>The Complexities of Relationships: Part One

>In my soon-to-be 35 years on this planet (in two short months) I have dated more men than I would care to admit, and hopefully no one who remembers would ever shout out the number. (Laugh) With this experience, and the fact that I was blessed to have a father who first “schooled” me on guys when I was 12, and several male friends who taught me the ins and outs of ‘doggy land’, I have learned a great deal about men and about myself.

I love men and how they are wired. I love what I know about them and the hidden treasures that are still left uncovered. I’m not one of those women who yell out, “I don’t need a man”….please I don’t need drama, I don’t need pain, I don’t need mounting debt, I don’t need a toothache, I do need love…love from a man. The man who loves me and receives my love in return has definitely hit the jackpot and found a good thing, because I will give him all he needs as God directs our path. It has been a long journey to get to this place and space, and it has been worth the bumps, bruises, heart aches and heart breaks. Now I’m truly ready for what God has been preparing me for…my King!  


Those women who grew up with males showing them the “ropes” have a major advantage over women who had to learn the long, hard way about men and their nuances, games, and unbearable ways. I’m giggling as I write this because I know of some men who would scoff at that last description. What I have learned is that what I know about men I am not to share with them. In the past I would quickly ramble off every trick of the trade guys played to prove to them they could not pull the wool over my eyes. Now with time I have learned that men thrive off of playing a game of strategy. To be the “man” they must always maintain the upper hand. So for me, that means I cannot show my “cards”; simply let things be and don’t get played.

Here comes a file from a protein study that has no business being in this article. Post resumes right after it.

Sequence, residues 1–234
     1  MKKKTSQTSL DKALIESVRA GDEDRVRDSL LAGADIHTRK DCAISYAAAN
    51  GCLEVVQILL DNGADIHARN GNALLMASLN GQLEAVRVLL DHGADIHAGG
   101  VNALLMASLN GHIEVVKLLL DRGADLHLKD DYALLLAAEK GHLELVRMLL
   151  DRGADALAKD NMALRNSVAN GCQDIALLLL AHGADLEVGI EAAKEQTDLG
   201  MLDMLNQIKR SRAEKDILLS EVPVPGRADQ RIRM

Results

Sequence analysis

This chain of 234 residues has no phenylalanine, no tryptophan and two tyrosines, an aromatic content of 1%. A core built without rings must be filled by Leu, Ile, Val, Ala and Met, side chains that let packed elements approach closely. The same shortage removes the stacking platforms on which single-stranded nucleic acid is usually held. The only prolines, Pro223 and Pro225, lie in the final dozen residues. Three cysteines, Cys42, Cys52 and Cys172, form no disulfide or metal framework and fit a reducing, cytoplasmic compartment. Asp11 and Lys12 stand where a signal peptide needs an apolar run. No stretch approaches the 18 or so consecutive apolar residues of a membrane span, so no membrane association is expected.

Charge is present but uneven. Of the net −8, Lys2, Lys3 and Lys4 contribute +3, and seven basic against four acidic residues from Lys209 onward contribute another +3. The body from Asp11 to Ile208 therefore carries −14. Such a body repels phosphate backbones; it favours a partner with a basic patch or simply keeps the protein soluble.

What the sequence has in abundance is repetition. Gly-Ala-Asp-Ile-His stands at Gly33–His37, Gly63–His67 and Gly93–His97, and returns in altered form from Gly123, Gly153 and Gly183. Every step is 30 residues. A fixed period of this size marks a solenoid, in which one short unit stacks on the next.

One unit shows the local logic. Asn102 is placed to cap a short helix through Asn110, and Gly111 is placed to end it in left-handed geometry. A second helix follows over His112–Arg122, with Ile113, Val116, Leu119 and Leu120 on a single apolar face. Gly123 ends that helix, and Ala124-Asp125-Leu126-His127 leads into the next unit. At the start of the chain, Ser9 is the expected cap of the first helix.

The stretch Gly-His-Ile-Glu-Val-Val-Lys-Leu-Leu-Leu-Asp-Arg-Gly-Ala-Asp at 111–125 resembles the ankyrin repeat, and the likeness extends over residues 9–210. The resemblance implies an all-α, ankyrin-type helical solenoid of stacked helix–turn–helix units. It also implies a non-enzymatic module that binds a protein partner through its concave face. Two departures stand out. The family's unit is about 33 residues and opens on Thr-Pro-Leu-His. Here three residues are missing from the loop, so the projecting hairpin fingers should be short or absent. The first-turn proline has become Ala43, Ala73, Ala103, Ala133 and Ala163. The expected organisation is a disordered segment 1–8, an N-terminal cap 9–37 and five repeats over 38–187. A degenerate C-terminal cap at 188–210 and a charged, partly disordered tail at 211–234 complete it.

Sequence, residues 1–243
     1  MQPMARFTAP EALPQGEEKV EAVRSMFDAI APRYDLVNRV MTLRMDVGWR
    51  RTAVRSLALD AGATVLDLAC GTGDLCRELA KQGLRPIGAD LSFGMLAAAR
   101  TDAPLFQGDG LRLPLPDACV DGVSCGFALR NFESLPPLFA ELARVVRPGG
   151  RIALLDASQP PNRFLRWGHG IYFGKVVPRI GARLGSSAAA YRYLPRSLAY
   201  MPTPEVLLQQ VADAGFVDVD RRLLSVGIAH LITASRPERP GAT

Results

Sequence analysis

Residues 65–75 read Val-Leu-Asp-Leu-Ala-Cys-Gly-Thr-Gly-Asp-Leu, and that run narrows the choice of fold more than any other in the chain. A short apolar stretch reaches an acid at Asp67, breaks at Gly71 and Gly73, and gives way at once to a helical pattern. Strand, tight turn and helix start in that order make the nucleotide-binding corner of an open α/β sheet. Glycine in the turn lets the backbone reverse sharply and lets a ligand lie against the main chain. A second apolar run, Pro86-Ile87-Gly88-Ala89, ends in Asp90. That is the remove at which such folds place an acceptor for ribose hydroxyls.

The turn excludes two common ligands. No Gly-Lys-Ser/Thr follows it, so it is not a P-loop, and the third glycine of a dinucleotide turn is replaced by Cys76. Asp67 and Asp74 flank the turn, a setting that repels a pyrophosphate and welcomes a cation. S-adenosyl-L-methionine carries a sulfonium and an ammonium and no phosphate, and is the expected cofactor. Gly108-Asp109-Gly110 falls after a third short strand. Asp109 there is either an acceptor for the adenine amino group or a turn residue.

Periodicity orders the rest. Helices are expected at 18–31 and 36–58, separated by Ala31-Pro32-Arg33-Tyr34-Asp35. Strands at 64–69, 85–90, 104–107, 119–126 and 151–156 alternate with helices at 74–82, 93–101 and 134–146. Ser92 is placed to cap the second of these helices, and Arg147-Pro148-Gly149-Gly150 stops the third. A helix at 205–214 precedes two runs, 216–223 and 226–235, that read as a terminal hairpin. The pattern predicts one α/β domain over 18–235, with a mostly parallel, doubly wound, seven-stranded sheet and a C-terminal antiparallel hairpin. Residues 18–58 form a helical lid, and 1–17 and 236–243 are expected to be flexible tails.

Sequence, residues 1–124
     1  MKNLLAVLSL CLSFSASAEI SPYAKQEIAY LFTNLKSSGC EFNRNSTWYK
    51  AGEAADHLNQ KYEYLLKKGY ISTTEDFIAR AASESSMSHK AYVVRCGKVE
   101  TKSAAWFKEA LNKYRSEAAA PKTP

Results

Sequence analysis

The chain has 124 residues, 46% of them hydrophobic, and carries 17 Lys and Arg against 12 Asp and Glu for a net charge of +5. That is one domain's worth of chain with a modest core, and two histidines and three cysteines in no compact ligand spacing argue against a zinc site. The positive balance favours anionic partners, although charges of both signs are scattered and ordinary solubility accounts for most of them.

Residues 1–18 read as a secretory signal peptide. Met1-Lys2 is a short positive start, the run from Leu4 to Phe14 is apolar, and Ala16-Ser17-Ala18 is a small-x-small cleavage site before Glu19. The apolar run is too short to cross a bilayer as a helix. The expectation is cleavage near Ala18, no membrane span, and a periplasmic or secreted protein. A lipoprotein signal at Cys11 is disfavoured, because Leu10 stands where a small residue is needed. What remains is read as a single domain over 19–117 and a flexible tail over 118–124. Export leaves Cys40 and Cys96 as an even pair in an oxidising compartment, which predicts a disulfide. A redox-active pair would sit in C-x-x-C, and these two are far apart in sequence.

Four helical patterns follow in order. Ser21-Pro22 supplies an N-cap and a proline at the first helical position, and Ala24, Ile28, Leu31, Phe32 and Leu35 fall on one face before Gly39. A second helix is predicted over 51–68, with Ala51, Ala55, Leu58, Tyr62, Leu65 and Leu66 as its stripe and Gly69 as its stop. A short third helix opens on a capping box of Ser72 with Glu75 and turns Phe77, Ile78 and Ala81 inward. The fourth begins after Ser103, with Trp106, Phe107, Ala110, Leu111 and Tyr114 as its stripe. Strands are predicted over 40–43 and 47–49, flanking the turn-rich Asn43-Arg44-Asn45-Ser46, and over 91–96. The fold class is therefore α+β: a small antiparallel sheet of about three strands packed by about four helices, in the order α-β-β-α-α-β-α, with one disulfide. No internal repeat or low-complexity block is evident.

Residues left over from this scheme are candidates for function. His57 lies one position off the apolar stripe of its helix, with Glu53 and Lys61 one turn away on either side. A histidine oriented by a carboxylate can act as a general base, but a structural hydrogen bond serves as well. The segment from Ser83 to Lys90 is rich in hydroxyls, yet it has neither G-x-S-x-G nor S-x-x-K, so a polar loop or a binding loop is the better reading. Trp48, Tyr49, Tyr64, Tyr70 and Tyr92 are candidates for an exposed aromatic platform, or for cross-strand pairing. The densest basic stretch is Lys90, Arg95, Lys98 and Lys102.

I have also learned that when I don’t give in to the game playing that men claim they don’t thrive on, that my life is less complicated. Some men live for drama, it’s like playing a video game or driving a sports car; they are adrenaline junkies so anytime they can live on the edge they will seize the moment. It’s also about control. No matter how many times and different ways they say that they aren’t control freaks and don’t expect to control all relationships (business and personal) they simply are not being honest.  

I believe that in the context of marriage, the man as husband is the head of the home…but his wife is his crown. A wife isn’t to walk ahead or behind her husband, but beside him on his left…closest to his heart. In relationships there is always one person who is stronger or weaker in certain areas than the other. We are to come together as one to compliment those areas of strength and weakness, not expose or pounce on them. When you resort to this level of immaturity what you are really doing is revealing your own insecurities.

Let me also say that the role of husband and wife are to only be played by husband and wife. Don’t set these expectations up in casual or even seemingly serious relationships. There is a big difference in carrying yourself like a woman who plans to be a wife, and mentally and physically assuming the role of a wife. You have emotionally married the man prematurely and that is when things get complicated and ugly. You start assuming and he starts assuming and you know what they say when you ass-u-me!   

I will let you ponder over that, and tomorrow I will continue with Part Two of this series. I look forward to your feedback…let’s have a healthy dialogue!

Copyright 2010. Natasha L. Foreman. All Rights Reserved.